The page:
The technology market is always changing and innovating across the computing, networking, and storage elements, which are the holy trinity of the Von Neumann architecture. Innovation, in one area, spurs changes in the other two, as the cycle of innovation progresses with each element alternating between being the leader and then the bottleneck within the overall architecture. Today, new requirements are emerging concerning data storage, retention, and reinstatement of electronically generated data assets, which demands new approaches and new levels of optimization across all three elements.
To understand the emerging storage challenges, segmentation of the storage market is necessary. If the market is segmented from an active and passive data access patterns viewpoint, it bifurcates into two distinct sections. The first is Operational Storage, and the second is Long-term Archival Storage. Both have drastically different requirements. Operational Storage is the high access, high-performance, low latency, and very dynamic storage that is actively used daily for business operations, as well as the short-term backup and snapshots for quick recovery purposes. Long-term Archival Storage is the cost-efficient, deduplicated, and compressed storage that is used for information preservation purposes. It is data that is traditionally infrequently accessed. Both capabilities are essential for businesses—however, the demands and requirements for Long-term Archival undergoing significant evolution.
IDC’s Datasphere highlights archival data volume, which currently accounts for 60% of the total Datasphere. And, their growth estimates for archive data volumes have consistently increased over the last few years, as the implications of new mandates and regulations have become apparent. The growth of archival data volume will compound exponentially, as more information is included in the lengthy data retention and preservation mandates and, we believe, will quickly eclipse the other categories in the Datasphere.
Today’s Data Storage Volumes
As more informational assets become subject to preservation, organizations will have to bear the ever-growing expense of data retention volumes, which will negatively impact to profitably. The traditional archive solutions with their monolithic architectures cannot scale efficiently to meet the expected data volumes or meet the new preservation technical requirements. The cost point of today’s solutions becomes cost-prohibitive, as preservation volume grows.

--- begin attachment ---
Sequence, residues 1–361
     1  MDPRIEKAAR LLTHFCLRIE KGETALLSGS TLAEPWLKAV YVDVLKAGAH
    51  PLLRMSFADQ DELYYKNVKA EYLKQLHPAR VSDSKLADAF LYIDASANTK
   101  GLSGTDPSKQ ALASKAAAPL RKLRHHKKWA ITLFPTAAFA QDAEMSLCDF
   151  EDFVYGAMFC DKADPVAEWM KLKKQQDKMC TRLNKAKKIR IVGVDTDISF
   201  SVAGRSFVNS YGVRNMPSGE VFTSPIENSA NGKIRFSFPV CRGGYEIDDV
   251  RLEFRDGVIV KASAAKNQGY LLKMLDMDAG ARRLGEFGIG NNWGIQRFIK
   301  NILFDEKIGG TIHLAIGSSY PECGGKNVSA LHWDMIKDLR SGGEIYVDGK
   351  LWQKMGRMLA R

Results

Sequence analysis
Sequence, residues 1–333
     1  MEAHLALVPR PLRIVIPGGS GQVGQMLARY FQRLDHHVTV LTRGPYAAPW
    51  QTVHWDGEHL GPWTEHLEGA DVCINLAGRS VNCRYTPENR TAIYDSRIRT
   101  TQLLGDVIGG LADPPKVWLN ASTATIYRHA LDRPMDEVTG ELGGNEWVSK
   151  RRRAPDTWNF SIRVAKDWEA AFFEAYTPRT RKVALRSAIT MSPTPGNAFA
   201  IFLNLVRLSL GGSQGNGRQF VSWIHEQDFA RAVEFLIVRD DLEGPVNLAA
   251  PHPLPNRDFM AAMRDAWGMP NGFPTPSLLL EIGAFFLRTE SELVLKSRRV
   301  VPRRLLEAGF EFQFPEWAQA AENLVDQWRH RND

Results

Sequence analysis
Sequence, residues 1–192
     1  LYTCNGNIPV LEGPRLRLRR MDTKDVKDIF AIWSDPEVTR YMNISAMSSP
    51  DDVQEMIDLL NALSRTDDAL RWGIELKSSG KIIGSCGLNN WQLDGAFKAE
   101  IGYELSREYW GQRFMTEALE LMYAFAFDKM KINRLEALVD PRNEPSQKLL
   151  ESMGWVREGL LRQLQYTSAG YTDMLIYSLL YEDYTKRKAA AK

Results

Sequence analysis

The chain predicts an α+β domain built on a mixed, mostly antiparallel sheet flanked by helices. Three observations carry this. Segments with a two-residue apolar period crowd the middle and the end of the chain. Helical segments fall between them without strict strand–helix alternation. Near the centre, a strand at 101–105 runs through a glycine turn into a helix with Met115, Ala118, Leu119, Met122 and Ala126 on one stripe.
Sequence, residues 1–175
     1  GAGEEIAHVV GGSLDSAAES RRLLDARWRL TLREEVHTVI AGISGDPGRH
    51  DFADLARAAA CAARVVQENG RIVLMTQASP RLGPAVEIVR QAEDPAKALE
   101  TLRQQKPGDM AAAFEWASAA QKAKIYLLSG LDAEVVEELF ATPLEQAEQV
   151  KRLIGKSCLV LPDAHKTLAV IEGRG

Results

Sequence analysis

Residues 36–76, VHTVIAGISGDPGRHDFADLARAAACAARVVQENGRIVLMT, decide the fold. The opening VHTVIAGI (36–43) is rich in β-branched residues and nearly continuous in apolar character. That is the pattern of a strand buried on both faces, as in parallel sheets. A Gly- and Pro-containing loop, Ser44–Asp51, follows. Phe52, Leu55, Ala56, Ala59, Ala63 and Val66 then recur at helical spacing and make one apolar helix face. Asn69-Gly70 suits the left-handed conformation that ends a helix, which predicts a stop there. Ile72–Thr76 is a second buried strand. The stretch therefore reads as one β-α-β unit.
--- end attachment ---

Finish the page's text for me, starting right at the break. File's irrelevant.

There are many future implications and demands of the long-term archives with 100-year preservation lifecycles. Data portability between storage systems is a concern, as storage systems age and are replaced by newer technologies. Over 100 years, the data would need to be migrated to new systems approximately ten times throughout its lifecycle. How does an organization maintain and prove data integrity throughout ten migrations? The Cloud will also have similar problems with technology upgrades and multi-Cloud interoperability. The use of virtualization could abstract the stored information in a data center or Cloud to make it easier to migrate or reduce the impact of system-level technology changes. However, this would also imply that the abstraction would need to be backward compatible for up to 100 years, which is “Infinity Plus” from a development perspective and a rather complicated issue. Another concern surrounds the application itself that generated the data. In a fifty to hundred years from today, will the application be able to process information from 10, 25, 50, or 100 years in the future, as the application transitions from Version 1.0 to Version 100 overtime? Will, the company that developed the application, still be in business to provide application access, licensing, and backward compatibility? These and other questions and concerns must be addressed to mitigate the impact of the Long-term Archival data tsunami.
This blog series will focus on the changes in regulations and mandates, extended retention periods, data integrity inquiries, expense management, and other technical challenges facing the Long-term Archival Storage segment. Fundamentally, we believe a new approach is needed to meet the Long-term Archival requirements.